Grahamstown is composed a few main streets flaunting several mouth-watering restaurants and bumpin’ pubs. It’s a college town so although during the day the streets are filled with locals doing their shopping and selling items on the street, at night it is much of a party town especially on Fridays. For some reason, which is unbeknownst to me, Wednesdays (but not Saturdays) are also a huge party night.
Getting to know Grahamstown requires a map or someone who knows where their going because it does have a moderately puzzling street composition. The scenery can change quite rapidly if you’re not paying attention, and although I enjoy seeing all aspects of life in Grahamstown, a mirage of “ay-bay-bay” or “hey sista, coins?” following me to KFC is not my favorite thing.
Think about the Poconos in the US – that’s what Ifrane is. It’s a small town in the middle of Morocco surrounded by the popular ski slopes, which are mostly a tourist destination for Moroccans. When I stayed in Ifrane, however, it was in between summer and winter – picture absolutely unexpectedly freezing nights and oddly hot days. All at the same being surrounded by a ghost town. A ghost town except for Al Akhawayn University. I was only in Ifrane for four days while presenting at a conference on the Muslim World, but at all times of the day I was fairly freezing.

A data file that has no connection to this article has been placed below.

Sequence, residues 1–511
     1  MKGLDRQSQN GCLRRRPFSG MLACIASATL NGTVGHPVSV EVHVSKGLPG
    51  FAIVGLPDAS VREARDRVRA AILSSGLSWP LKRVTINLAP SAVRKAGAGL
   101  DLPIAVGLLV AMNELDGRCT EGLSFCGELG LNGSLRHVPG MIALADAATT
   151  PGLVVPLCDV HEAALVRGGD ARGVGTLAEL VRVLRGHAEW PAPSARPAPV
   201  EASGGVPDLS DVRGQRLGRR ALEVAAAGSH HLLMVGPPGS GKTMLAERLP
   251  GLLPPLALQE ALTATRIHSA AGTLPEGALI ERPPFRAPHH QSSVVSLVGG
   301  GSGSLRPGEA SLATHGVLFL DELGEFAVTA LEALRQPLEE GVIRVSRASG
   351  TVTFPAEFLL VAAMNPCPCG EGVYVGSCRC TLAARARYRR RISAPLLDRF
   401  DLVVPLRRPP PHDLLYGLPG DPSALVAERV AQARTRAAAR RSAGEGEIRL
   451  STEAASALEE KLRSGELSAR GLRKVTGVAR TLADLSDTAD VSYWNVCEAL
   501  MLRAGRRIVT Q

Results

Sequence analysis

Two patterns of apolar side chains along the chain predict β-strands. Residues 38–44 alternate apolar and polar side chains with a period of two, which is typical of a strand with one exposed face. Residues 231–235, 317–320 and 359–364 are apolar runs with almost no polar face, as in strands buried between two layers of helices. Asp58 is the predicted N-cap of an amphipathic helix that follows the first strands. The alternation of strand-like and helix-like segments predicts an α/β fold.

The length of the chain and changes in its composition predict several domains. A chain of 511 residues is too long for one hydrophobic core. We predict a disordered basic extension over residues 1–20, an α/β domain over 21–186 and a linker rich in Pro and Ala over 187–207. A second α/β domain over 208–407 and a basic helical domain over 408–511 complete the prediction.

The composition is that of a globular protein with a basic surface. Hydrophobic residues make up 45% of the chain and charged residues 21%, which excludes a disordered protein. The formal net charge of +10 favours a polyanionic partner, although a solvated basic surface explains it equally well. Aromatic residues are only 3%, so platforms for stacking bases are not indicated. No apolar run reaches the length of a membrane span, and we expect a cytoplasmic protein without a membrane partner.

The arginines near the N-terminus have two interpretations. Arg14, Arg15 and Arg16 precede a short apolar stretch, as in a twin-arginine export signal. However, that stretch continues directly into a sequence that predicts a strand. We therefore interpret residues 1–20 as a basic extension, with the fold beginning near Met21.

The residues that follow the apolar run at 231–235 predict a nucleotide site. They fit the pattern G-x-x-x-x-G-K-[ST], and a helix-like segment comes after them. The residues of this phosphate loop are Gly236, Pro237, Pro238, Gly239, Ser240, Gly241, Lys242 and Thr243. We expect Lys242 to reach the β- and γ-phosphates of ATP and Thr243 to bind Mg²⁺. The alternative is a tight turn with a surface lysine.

I thought – oh I’m going to Africa, it’s going to be so warm! I also made the mistake of checking the weather but only looking at the highs. Warning: always check the full weather report, don’t just be optimist like me and only bring a light-weight fleece.
This beautiful, remote, and extremely developed town smack right in the middle of Morocco is only a few hours from all the major cities (and Spain). It’s a great stop for a trip to Morocco and some of the sites will make you forget you’re technically in Africa.